November 5, 2018

The Chinese government recently lifted a 25-year ban on the trade of tiger bone and rhino horn from captive-bred animals for use in traditional medicine.

The decision has been condemned by wildlife conservation groups that warn that allowing such legal trade will have devastating consequences globally for the two critically endangered species. The California State Oriental Medical Association (CSOMA) is unequivocally opposed to the use of all substances derived from any endangered species in the practice of traditional Chinese herbal medicine and condemns China’s reversal of the 1993 ban that significantly curbed the demand for tiger and rhino parts and has been instrumental in conserving these iconic species in the wild.

With tiger and rhino populations facing numerous threats in the wild, the reality is that with their already perilously dwindling numbers, this decision may very well seal the fate of these two species and propel them towards extinction. This result would be a tragedy to the global community as well as a black stain on the practice of traditional Chinese medicine worldwide.

We would like to underscore that these substances are in no way necessary to the effective practice of herbal medicine. We acknowledge that there is no scientific, medical or otherwise justifiable reason to use these products medicinally in any capacity. We make no distinction between captive-raised endangered animals and those born in the wild, as both equally deserve protection. Any compromise of the protections for these animals is unconscionable and misguided. CSOMA supports the prosecution of any practitioner in the U.S. found to be trafficking or dispensing any products derived from endangered species.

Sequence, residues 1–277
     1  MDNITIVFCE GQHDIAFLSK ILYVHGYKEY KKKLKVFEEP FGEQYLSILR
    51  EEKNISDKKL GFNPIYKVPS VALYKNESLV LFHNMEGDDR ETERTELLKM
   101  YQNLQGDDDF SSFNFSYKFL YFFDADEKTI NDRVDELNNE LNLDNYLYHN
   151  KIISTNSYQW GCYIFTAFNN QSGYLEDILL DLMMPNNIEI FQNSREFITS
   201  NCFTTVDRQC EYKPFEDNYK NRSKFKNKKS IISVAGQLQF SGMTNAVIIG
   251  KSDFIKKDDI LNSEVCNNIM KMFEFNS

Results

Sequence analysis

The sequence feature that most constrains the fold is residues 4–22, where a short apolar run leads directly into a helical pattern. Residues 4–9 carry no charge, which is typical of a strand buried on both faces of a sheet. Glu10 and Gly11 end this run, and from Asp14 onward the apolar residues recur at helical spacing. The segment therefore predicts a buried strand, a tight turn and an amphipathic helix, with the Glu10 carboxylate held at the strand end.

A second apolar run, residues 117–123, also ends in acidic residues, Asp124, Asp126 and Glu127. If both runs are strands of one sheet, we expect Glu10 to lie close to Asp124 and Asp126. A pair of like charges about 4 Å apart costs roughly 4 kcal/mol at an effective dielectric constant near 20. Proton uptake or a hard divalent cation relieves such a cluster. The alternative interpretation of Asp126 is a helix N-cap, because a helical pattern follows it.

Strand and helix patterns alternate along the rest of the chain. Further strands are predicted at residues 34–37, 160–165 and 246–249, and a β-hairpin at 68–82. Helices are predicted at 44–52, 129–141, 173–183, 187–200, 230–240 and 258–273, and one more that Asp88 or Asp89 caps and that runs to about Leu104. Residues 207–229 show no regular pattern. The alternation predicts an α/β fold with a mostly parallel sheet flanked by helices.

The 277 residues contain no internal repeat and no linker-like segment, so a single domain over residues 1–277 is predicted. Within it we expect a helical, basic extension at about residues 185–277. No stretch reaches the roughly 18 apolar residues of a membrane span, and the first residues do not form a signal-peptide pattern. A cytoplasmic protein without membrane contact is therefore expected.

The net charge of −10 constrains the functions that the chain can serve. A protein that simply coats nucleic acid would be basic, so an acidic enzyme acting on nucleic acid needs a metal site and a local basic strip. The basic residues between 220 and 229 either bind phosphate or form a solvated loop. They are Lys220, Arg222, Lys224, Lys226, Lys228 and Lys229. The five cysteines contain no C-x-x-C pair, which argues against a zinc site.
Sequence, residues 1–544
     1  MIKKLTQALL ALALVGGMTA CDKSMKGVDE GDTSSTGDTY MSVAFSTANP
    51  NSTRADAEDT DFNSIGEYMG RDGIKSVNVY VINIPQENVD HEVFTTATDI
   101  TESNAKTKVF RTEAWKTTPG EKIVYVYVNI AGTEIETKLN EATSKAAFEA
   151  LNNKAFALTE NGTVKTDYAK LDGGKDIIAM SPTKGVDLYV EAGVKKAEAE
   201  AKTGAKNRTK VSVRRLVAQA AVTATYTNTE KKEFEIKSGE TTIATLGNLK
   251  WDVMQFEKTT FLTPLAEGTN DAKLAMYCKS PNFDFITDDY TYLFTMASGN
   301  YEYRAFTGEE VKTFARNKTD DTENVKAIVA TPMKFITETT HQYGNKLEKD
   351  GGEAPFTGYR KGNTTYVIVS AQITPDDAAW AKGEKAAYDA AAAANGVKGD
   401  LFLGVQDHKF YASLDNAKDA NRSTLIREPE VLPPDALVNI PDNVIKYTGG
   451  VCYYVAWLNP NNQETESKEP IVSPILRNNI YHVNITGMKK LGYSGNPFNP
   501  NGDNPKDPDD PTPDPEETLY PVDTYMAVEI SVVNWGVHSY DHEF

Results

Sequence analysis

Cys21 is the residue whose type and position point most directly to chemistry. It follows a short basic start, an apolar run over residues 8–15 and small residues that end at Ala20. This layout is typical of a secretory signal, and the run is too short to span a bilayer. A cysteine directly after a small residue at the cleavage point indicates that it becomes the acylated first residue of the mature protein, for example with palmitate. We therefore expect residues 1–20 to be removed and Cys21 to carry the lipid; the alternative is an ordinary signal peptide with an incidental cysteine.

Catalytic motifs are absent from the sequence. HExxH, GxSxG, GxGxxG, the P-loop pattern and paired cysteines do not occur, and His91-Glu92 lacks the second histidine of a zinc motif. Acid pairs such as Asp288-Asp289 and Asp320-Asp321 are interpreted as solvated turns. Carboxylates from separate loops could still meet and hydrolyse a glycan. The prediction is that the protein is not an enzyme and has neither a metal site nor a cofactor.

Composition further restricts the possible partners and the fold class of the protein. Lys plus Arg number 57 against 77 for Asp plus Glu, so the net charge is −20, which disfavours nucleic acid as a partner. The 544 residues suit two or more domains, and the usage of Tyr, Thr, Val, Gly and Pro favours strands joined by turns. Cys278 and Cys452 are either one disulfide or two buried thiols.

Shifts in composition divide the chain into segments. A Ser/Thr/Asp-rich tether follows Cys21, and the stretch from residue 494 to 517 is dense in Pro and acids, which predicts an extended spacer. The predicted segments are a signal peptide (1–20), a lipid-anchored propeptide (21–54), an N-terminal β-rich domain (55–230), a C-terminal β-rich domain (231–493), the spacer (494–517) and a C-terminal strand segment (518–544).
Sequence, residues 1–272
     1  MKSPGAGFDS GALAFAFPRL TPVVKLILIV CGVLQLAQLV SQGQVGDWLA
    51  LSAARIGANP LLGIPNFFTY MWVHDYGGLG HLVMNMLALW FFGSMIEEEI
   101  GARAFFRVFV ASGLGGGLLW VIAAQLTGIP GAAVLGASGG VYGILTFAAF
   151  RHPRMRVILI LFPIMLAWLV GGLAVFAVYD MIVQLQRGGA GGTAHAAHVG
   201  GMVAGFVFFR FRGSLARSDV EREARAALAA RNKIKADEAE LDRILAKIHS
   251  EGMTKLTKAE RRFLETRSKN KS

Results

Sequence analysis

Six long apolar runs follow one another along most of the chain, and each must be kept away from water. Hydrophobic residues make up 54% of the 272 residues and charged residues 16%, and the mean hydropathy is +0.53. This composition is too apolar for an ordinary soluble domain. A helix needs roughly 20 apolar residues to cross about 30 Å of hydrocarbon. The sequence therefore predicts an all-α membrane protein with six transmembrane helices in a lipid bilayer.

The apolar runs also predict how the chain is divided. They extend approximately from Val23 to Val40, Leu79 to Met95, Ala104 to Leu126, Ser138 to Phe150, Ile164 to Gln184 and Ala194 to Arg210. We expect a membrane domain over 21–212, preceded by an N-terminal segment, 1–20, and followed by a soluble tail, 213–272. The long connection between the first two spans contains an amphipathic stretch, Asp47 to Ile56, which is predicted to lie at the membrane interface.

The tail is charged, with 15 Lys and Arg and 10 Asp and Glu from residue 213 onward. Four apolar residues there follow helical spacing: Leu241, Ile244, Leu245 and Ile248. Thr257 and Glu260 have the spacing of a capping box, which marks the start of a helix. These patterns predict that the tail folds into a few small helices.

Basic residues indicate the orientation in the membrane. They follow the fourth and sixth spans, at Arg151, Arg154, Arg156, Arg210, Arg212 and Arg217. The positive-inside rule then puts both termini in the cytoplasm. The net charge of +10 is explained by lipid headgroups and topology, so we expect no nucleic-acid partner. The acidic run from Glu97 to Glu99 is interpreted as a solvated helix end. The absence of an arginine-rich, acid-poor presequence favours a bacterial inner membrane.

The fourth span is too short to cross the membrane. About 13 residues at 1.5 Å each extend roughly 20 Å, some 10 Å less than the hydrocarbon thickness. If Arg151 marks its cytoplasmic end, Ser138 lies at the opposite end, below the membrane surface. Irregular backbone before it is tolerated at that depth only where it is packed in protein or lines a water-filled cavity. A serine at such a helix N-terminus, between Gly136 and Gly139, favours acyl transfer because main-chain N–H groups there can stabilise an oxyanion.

We call on the Chinese government to reverse this short-sighted decision and urge all members of the Chinese medical community to maintain the integrity of traditional Chinese medicine by using only ethically sourced and humanely treated, non-endangered animal products.

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AdvocacyCSOMA Official Statement on China’s Legalization of Domestic Trade in Tiger Bone and Rhino Horn